Taken from their home, forced to leave their country, put to work in labour camps, frozen and starved, Adam and his family doubt that they will ever make it out alive. Even if they were to get away, they might freeze to death, or starve, or the bears might get them. For the Polish refugees, the whole of the USSR becomes a prison from which there is seemingly no escape.

 

A Winter’s Day in 1939 is a story of family, the harsh realities of war, and the fight for survival against the odds.  Adam and his family are ripped from their safe, comfortable life in Poland and transported to prison camps in Russia, in freezing conditions and with little to eat and drink.  They get transported in dirty, stinking train carriages with a stove and a pipe as a toilet, live in cramped barracks with many other families, and are forced to work for the good of Russia.  People die of exposure to the freezing conditions and disease is rife.  In these conditions you need to have to will to survive, and for Adam and his family, this is what is keeping them going.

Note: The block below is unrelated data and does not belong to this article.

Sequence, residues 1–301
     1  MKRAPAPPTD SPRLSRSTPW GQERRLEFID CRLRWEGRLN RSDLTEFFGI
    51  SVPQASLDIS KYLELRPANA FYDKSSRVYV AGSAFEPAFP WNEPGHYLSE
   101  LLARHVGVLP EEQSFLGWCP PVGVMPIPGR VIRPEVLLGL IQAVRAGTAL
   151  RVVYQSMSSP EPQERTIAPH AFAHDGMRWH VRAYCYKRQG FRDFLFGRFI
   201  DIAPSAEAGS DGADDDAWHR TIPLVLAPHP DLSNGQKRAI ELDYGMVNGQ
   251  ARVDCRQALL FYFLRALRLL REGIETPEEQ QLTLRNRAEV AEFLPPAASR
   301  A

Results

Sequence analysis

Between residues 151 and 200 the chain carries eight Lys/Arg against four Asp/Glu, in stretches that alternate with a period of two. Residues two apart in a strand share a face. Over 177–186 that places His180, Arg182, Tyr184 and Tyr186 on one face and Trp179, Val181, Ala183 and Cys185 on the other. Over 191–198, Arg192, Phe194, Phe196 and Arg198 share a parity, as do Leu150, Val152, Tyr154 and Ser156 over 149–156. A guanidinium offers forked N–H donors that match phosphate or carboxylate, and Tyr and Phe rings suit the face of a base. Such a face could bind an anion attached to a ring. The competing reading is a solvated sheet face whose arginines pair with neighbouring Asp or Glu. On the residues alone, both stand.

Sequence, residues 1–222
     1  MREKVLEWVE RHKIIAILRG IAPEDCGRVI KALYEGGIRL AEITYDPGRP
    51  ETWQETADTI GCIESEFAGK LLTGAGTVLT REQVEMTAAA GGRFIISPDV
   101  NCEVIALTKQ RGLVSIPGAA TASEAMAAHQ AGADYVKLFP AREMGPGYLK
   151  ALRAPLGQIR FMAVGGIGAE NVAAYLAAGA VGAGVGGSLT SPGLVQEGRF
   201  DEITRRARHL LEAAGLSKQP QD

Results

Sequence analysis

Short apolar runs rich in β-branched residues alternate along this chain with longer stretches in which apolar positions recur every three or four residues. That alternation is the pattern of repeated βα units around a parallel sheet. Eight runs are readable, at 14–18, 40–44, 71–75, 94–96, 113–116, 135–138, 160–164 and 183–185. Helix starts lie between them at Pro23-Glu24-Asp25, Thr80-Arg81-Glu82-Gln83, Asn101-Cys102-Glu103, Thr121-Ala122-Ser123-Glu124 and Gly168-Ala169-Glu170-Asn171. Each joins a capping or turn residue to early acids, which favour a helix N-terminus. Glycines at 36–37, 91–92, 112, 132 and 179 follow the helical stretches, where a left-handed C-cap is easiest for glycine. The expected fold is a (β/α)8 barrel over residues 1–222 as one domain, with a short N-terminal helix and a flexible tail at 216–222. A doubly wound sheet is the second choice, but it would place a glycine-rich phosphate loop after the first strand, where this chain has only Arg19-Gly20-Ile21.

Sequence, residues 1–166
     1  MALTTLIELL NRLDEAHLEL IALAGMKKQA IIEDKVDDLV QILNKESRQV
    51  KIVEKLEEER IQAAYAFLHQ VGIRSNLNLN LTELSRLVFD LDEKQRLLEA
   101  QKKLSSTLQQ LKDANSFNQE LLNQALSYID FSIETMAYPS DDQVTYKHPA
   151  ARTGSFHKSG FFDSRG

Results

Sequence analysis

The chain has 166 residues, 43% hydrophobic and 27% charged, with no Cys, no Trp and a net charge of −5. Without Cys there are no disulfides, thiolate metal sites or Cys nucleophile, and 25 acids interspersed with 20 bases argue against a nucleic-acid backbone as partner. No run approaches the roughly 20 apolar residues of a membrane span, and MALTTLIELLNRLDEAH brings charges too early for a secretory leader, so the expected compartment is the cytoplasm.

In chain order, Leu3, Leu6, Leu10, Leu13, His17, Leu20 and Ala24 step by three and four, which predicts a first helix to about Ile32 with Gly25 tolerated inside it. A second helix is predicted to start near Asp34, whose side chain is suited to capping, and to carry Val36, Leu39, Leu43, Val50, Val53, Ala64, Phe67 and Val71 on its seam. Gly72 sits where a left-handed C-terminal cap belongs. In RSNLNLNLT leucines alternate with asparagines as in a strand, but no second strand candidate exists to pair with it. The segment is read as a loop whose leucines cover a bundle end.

The story is narrated by Adam, so you see everything through his eyes.  You feel how much he wants to survive and how important his family is to him. You get a real sense of how desperate their situation gets as time goes by, especially when it comes to food.  When a clerk at one of the evacuation centers apologizes to Adam for the lack of food, Adam says ‘He sounded sorry about it but that was no help to us.  You couldn’t eat ‘sorry.” You want so much for Adam and his family to survive the war and be able to return home, but you don’t know if their story will have a happy ending.

One of the things that stands out in Melinda’s story is the sense that Adam, his family, and the other refugees around them, hadn’t done anything wrong, yet they’re treated the way they are.  Adam says this himself, ‘We were being punished but I hadn’t done anything wrong.  None of us had.’ These people have been thrown out of their homes and sent to prison camps for no reason what so ever.